Rigid Nail Fixation for Treatment of Femur Fractures in Children Aged 6 to 12 Years: A Review
Although femoral shaft fractures are common in children, treatment using rigid intramedullary nail fixation remains controversial owing to concerns of avascular necrosis (AVN) and disruption of growth of the proximal femur. We examined studies on AVN complications and proximal femur deformity after rigid nail fixation in children aged 6 to 12 years. Of the 13 studies included, nine had no incidents of AVN or clinically significant proximal femur deformity using a greater trochanter entry point. Four studies showed cases of AVN or proximal femoral deformity in patients treated with intramedullary nails through a starting point at or near the piriformis fossa or the tip of the greater trochanter. The findings of this review suggest that antegrade rigid intramedullary nailing may be an acceptable treatment option for femoral shaft fractures in children aged 6 to 12 years, especially when the lateral aspect of the greater trochanter is used as the entry point. Results of future research are needed on age-related outcomes and complications of rigid intramedullary nailing fixation of femoral shaft fractures in children.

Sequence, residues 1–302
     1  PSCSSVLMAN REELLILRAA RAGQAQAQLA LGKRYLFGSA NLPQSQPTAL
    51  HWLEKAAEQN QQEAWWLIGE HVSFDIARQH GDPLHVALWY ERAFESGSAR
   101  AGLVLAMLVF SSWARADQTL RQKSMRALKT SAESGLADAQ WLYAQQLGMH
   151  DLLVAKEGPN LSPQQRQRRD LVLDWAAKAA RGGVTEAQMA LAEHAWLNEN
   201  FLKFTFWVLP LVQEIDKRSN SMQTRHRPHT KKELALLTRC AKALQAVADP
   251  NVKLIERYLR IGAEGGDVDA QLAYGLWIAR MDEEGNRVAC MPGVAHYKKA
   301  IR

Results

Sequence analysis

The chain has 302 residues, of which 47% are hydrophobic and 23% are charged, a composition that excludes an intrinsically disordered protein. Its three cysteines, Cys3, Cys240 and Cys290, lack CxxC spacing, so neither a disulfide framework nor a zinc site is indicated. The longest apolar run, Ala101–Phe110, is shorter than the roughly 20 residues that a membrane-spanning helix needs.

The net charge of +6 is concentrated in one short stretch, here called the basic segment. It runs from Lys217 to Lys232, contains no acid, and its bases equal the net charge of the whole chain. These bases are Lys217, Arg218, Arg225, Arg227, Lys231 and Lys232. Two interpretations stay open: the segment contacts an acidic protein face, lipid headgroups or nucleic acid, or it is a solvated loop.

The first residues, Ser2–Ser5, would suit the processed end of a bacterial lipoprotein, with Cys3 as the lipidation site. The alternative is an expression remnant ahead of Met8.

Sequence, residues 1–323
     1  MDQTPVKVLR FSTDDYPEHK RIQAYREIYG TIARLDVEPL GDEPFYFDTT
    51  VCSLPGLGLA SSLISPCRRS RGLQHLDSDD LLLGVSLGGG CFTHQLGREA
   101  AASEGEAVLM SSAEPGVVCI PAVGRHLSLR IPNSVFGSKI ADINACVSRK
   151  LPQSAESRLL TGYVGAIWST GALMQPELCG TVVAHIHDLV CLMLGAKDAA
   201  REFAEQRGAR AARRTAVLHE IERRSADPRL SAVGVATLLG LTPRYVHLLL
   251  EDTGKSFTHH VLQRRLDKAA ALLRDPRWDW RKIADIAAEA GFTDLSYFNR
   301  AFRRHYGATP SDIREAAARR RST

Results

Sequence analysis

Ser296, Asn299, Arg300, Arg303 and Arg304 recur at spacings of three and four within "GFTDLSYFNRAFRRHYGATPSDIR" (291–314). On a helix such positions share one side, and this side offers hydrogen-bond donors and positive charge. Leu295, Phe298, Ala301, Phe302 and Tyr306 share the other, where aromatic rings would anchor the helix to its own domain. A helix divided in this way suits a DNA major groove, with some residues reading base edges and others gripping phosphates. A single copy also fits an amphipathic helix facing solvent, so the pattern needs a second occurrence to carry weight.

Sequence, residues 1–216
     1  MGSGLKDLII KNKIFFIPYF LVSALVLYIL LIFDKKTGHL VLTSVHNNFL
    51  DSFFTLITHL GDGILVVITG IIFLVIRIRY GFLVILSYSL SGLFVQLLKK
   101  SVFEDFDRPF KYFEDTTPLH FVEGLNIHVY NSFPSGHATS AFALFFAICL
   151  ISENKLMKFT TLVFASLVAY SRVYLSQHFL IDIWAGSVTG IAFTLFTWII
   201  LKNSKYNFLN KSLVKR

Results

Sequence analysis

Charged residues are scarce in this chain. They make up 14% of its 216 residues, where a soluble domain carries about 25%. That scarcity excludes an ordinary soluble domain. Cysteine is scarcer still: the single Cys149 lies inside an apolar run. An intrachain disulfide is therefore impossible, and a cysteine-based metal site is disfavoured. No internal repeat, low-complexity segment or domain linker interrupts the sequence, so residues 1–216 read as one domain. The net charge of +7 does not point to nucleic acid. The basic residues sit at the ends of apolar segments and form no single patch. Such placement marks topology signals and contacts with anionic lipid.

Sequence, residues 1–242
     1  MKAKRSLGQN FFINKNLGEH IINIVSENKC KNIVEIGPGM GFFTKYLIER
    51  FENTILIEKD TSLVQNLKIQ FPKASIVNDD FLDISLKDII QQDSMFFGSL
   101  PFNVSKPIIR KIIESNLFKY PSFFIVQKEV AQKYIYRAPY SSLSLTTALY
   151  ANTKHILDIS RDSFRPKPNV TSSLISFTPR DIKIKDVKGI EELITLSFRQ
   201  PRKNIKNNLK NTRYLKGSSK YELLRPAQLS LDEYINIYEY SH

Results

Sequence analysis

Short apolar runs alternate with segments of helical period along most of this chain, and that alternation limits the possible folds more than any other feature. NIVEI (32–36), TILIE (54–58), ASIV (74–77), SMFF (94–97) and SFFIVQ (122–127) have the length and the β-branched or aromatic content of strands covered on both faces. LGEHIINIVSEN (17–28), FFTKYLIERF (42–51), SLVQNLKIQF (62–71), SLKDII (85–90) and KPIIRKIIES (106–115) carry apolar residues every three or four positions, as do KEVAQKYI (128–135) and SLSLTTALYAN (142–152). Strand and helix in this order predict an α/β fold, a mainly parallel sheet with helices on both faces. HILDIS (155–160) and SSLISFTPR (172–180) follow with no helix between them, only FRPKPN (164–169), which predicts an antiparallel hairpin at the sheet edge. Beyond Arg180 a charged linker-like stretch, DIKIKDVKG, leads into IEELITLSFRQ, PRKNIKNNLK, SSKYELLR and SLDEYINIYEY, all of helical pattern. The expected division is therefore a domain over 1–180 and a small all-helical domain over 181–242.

Plost, Brielle Payne; David M. Bennett; Andrew W. Parsons; and Matthew G. Wharton. "Rigid Nail Fixation for Treatment of Femur Fractures in Children Aged 6 to 12 Years: A Review." UNM Orthopaedic Research Journal 8, 1 (2019). https://digitalrepository.unm.edu/unm_jor/vol8/iss1/4